Thursday 30 July 2020 5:58 pm

Liberal Democrats leadership race: The long road to relevance

For the second consecutive summer, Liberal Democrat members will be dragged to the polls to vote in a leadership election.

While last year’s contest had a palpable feeling of optimism and excitement for many members, this year’s affair will likely represent the most abject contrast.

Read more: Lib Dem candidate Siobhan Benita quits race to become London mayor

The Liberal Democrats had surged to an unlikely lead in Westminster YouGov polling when the party held its London leadership hustings last year and had picked up the second largest UK vote in EU elections just weeks earlier.

This year’s vote – which begins today – comes after a catastrophic December election plunged the party back into obscurity and returned just 11 Lib Dem MPs to parliament, with leader Jo Swinson booted out by her East Dunbartonshire constituency.

Acting leader Ed Davey returns to have another pop at the crown after his unsuccessful campaign last year and will face-off against Oxford West and Abingdon MP Layla Moran.

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Davey is the slight favourite among bookmakers and has the endorsements of the majority of Lib Dem MPs, along with a long list of party grandees.

His campaign is pitched around his government experience, policy expertise and an apparent ability to win in traditionally Tory seats.

His policy offering comes as a three-pronged attack, which the campaign says will create a “fairer, greener and kinder” Britain.

The catchcry is not only painfully Lib Dem, but is also a near carbon copy of Siobhan Benita’s slogan for her failed London mayoral campaign, which was “safer, greener and kinder”.

Davey’s pitch comes in the form of free childcare, a £150bn proposal for a green economic recovery and increased pay and conditions for social carers.

A source close to Davey’s campaign said the party needed a leader that could rebuild its image and provide a coherent policy offering.

“There are really no quick fixes – if the party wants to rebuild to pre-coalition level of seats it’s a big job, and the party has to elect someone with a future vision and someone who has experience in winning and being in government,” they said.

The corollary of this statement of course is that Davey’s team thinks Moran does not have experience in government (unarguable), cannot win and has no future vision.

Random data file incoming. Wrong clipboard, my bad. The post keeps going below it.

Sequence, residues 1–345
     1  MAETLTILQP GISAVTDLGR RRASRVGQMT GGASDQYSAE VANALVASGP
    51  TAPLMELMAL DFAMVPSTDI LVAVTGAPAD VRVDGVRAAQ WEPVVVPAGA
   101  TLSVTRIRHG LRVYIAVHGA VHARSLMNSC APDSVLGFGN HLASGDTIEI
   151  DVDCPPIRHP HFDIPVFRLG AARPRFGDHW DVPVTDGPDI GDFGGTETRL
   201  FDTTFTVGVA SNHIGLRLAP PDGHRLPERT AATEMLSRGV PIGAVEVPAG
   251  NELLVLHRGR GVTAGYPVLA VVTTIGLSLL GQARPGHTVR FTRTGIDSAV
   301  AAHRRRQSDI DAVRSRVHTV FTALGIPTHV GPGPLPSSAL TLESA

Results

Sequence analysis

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Moran’s campaign had a distinctly inauspicious start, after an article splashed across social media with the headline that she wanted to make the Lib Dems “more radical than Labour”.

The comments sparked comment pieces from former party leaders Tim Farron and Vince Cable on how it would be a catastrophic mistake to do so, and have both pledged their support for Davey.

The source close to Davey’s campaign said “a lot of people were alarmed by the comment” and that Moran had recognised it was “a strategic error and has backed away a bit from it”.

Moran has indeed had to distance herself from the comments and reassure the historically cautious Lib Dem selectorate that she does not want to turn the party into a Bolshevist workers’ sect.

However, her campaign believes this incident is now behind her and that they are running with all the momentum in the 26-day race.

A source close to Moran said that while Davey may have the establishment party vote, they believe grassroots members will flock to the former educator.

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“Ed’s pitch is around the endorsement of party figures and the establishment, while Layla’s support is not just the elite blob – it’s much more around members and campaigners,” they said.

Moran’s main attack on Davey will be that his cabinet experience in the Tory-Lib Dem coalition government will hold the party back and that it needs a fresh break from the past association.

Her campaign will also likely focus on the fact that the Liberal Democrats are polling a paltry six per cent with Davey as acting leader.

“Looking back at Jo Swinson, whenever she did interviews it didn’t matter what she said – it always came back to her voting record when she was in the coalition,” the source close to Moran said.

“People are worried it will be the same with Ed, but Layla just doesn’t have that baggage.”

Her policy push will revolve around a call for a universal basic income, for the UK to become carbon negative and education reform.

One challenge for whoever becomes the next Lib Dem leader is that they will no longer be able to frame themselves as a moderate force on the left compared to an increasingly socialist and toxic Labour party.

They will also have to find an identity now the Brexit boat has sailed.

Sir Keir Starmer has already made huge strides in turning Labour around after a disastrous four years under Jeremy Corbyn, and will doubtlessly pitch the party further to the centre at the next General Election.

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Moran will likely try to paint Davey as someone who will not be able to attract centre-left voters, and that she would provide a larger point of difference with a radical agenda.

However, after the party chose Swinson last time as an ostensible moderniser, they may elect Davey as a safe pair of hands at a time when the party is dangerously close to complete electoral collapse.

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